In December 2010 the Bundesbank replied to an inquiry from the German freelance journalist Lars Schall. The Bundesbank wrote: "In managing foreign reserves, the Bundesbank fulfils one of its mandated tasks as an integral part of the European System of Central Banks. We trust you will understand that we are not able to divulge any further information regarding this activity. Particularly with respect to the confidential nature of information about where gold holdings are kept, we are unable to go into any greater detail concerning exact locations and the quantities stored at each of these. Likewise, owing to the strategic nature of the activity, we are not at liberty to provide you with more detailed information about gold transactions."
What are the "gold activities" cited in the reply to Kirby? What is the "strategic ... activity" cited in the reply to Schall?
2) Has the Bundesbank undertaken any gold swaps or gold swap arrangements with the U.S. Federal Reserve, U.S. Treasury Department, or any agency of the U.S. government or other government? If so, when, and what were the purposes of the swaps?
3) Will the Bundesbank make its gold records fully available for public inspection? If not, why?
For the International Monetary Fund
1) Where is the IMF's gold kept? Is it kept in the IMF's own vaults, in the vaults of IMF member nations, or elsewhere?
2) Is the IMF's gold actually in the IMF's possession or is it essentially just a claim on the gold reserves of its member nations?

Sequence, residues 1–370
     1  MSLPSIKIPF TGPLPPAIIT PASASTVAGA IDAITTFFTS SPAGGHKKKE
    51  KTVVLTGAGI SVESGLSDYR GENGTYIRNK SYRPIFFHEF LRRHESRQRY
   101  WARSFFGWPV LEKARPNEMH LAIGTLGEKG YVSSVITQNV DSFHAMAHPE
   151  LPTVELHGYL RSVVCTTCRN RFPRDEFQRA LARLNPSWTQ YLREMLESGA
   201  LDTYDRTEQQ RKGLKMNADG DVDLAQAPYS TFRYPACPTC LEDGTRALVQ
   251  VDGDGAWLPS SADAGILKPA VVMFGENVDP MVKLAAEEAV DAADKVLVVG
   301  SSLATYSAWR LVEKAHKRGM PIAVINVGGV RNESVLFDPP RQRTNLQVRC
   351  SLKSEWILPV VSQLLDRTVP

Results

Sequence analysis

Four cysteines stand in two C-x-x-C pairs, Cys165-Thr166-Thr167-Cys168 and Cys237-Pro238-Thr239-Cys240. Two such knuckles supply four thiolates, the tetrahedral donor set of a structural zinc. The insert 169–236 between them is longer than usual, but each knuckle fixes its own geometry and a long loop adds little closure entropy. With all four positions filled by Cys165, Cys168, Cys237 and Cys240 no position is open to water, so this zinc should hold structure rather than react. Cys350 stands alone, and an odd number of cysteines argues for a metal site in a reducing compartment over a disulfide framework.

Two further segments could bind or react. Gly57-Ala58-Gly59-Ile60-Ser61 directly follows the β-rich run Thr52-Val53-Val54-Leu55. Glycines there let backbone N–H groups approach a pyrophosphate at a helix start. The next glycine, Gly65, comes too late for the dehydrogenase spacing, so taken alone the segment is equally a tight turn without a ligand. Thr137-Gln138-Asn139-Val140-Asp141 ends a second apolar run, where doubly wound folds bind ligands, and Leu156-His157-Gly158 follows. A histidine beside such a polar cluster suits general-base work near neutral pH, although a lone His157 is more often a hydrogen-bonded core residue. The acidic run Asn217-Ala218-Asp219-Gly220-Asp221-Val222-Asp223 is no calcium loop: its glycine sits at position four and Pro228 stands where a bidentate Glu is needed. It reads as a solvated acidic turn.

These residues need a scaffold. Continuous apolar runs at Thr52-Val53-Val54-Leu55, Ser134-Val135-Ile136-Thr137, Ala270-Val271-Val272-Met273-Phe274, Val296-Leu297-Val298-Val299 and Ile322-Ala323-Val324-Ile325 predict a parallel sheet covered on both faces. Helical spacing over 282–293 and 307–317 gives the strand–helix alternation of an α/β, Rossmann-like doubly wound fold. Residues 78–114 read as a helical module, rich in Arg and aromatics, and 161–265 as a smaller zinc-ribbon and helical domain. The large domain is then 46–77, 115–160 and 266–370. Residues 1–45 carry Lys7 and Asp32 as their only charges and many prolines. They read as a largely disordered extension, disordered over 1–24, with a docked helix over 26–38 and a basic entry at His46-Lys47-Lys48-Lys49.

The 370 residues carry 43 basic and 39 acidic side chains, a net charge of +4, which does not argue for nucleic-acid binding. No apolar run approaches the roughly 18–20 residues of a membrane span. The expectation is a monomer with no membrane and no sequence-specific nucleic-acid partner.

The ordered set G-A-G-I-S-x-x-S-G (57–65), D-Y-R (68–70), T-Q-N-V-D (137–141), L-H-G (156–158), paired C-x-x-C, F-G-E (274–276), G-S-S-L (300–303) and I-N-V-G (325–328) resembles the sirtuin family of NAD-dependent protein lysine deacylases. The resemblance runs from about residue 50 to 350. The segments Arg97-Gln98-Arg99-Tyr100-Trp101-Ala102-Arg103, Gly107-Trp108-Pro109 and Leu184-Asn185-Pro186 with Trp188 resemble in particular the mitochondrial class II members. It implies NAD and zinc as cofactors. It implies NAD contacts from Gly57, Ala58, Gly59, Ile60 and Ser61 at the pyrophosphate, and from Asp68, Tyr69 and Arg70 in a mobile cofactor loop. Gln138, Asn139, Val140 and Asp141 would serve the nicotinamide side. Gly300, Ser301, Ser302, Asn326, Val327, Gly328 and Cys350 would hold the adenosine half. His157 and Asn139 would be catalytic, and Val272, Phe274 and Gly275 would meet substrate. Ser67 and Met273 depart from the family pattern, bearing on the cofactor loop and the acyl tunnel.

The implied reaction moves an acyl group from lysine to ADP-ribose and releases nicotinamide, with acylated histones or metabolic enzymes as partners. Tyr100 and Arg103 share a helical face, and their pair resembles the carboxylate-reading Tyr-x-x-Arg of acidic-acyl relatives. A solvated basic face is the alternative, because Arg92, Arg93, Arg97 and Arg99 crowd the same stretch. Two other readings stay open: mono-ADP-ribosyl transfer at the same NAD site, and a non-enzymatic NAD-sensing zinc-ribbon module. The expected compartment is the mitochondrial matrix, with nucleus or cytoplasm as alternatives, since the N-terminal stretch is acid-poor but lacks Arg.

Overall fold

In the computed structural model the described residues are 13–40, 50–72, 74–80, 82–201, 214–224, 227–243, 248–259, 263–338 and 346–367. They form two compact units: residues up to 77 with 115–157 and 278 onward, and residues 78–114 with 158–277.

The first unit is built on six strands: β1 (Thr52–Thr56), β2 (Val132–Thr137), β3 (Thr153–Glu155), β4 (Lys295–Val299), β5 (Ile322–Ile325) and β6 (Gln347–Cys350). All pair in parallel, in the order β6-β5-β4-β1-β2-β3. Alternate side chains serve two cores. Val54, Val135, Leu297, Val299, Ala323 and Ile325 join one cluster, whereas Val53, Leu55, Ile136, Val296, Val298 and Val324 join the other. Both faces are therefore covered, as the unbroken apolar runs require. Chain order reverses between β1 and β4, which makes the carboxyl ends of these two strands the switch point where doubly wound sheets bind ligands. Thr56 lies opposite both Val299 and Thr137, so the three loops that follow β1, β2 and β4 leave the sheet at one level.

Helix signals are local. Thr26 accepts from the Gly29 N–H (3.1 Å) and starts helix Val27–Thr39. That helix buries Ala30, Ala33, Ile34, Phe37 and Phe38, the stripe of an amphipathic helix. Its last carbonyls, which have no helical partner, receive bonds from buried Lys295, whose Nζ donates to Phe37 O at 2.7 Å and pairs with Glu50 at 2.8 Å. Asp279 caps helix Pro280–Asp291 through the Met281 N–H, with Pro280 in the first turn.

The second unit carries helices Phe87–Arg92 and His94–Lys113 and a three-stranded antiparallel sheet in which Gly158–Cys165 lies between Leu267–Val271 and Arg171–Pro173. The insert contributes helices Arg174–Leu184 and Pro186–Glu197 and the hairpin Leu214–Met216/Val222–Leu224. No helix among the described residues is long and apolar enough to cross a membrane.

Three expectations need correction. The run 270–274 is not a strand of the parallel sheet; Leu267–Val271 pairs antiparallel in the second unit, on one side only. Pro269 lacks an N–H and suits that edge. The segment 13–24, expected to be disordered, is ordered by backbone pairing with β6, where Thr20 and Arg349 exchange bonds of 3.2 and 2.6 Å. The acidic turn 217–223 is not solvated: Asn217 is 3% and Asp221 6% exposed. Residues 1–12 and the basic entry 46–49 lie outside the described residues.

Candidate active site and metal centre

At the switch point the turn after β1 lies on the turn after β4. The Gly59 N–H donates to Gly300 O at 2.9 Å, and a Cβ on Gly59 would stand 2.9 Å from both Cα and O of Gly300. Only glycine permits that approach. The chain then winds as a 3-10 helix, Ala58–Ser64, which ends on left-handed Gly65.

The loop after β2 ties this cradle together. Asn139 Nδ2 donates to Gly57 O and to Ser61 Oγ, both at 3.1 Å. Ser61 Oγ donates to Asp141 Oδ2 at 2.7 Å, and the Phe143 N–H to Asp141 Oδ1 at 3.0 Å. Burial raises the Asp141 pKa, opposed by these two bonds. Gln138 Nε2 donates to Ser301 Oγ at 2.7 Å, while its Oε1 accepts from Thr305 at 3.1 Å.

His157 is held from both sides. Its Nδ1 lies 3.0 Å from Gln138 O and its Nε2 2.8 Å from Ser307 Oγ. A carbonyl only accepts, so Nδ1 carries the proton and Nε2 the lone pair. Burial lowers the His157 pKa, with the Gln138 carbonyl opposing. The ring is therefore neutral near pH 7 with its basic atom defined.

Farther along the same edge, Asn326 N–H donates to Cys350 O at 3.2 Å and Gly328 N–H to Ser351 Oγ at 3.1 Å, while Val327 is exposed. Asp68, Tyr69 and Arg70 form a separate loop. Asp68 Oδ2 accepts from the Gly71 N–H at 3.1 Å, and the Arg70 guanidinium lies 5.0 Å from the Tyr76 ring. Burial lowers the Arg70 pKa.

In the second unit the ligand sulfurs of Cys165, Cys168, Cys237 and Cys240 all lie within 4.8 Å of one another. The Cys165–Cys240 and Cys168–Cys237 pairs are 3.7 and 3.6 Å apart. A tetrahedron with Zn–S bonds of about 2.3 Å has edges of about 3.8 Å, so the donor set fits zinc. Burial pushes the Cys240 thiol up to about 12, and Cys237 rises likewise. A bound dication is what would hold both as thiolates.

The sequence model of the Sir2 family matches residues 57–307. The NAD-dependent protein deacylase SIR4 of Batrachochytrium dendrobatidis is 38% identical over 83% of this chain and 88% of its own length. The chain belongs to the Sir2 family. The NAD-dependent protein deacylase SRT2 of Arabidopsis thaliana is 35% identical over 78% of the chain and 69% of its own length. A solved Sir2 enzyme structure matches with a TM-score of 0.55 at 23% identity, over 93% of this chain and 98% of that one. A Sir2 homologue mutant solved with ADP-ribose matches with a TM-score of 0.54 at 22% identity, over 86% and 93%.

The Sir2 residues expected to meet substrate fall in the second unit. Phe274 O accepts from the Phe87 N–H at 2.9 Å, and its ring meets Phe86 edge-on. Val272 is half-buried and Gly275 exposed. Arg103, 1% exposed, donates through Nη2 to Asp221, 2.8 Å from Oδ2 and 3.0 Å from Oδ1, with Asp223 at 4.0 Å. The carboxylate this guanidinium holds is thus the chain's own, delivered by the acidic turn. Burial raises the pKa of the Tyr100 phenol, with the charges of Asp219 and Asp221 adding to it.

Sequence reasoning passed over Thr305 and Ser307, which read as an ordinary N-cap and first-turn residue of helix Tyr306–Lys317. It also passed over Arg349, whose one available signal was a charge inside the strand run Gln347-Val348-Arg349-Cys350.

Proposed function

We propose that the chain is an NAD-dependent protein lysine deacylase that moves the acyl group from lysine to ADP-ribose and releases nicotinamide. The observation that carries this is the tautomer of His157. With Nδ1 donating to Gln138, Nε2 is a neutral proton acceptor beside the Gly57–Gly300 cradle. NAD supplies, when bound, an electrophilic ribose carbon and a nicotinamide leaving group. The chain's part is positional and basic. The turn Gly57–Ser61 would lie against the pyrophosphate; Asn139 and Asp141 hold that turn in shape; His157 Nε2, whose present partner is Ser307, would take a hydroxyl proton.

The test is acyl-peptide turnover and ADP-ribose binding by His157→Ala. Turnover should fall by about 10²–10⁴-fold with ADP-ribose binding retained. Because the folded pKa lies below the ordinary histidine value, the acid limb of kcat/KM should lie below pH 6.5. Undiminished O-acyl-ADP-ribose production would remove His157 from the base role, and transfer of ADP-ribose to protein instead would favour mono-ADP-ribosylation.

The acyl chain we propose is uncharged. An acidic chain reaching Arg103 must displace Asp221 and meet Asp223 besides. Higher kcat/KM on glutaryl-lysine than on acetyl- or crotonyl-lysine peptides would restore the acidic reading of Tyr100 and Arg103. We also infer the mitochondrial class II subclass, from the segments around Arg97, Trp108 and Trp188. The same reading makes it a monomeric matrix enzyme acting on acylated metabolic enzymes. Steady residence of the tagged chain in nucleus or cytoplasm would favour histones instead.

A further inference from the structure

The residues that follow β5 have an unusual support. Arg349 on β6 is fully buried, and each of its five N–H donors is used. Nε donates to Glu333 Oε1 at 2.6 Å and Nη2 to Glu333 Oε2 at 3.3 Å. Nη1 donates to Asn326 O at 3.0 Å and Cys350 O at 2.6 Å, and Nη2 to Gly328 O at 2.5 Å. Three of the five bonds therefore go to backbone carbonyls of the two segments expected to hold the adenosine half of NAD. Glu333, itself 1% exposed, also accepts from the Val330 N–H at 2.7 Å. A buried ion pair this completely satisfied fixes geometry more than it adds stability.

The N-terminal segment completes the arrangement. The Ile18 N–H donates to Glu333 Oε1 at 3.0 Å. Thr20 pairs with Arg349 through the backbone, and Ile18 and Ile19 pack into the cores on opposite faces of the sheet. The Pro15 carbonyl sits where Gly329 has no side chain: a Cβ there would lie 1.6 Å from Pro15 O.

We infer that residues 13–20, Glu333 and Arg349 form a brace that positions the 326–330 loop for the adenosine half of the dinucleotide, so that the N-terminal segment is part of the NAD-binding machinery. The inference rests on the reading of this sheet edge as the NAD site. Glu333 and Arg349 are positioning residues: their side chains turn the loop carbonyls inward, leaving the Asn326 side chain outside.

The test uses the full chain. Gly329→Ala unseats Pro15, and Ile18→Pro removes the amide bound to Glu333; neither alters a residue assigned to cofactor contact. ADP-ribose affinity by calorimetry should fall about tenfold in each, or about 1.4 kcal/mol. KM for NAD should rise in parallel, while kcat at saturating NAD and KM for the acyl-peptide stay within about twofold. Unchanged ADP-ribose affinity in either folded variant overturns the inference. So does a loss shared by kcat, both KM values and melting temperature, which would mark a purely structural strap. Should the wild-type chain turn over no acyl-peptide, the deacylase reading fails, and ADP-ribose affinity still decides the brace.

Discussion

3) When during the last 20 years the IMF said it was selling gold, did any gold actually leave any vault? If so, how much, and from which vaults did it leave and to which vaults was it delivered?
4) Will the IMF make its gold records fully available for public inspection? If not, why?
For the Bank for International Settlements
1) What is the "gold pool" cited by BIS President Karl Otto Pohl in his interview with the financial journalist Edward Jay Epstein published in the November 1983 edition of Harper's magazine?
-- includes, among a list of BIS services, interventions in the gold market. What are these interventions and their purposes and exactly how are they undertaken? Are they public or secret? If they are secret, why?
4) In a speech delivered at a conference at BIS headquarters in Basel in June 2005 --
-- William S. White, head of the BIS' Monetary and Economic Department, said that among the major purposes of international central bank cooperation is "the provision of international credits and joint efforts to influence asset prices (especially gold and foreign exchange) in circumstances where this might be thought useful."
In the last 20 years what efforts has the BIS made or assisted to influence asset prices, particularly gold prices? Of which such efforts is the BIS aware?
5) Did the BIS undertake any gold transactions simultaneous with the devaluation of the Swiss franc in September 2011?
For every central bank
1) What is the central bank's policy toward gold?
2) Has the central bank loaned or swapped gold or does it have gold swap arrangements with other central banks or government agencies? If so, who are the counterparties of these swaps and swap arrangements and what is their purpose?
3) Is it the bank's policy to support the gold derivatives market by making the bank's gold available for sale, swap, lease, other exchange, or hypothecation? If so, why?
4) Are the bank's gold-related records fully available for public inspection? If not, why?
For JPMorgan Chase & Co.:
1) Are the enormous interest rate derivatives positions and the monetary metals positions on the bank's books the positions of JPMorgan Chase & Co. itself or are they essentially the positions of the U.S. government or other governments?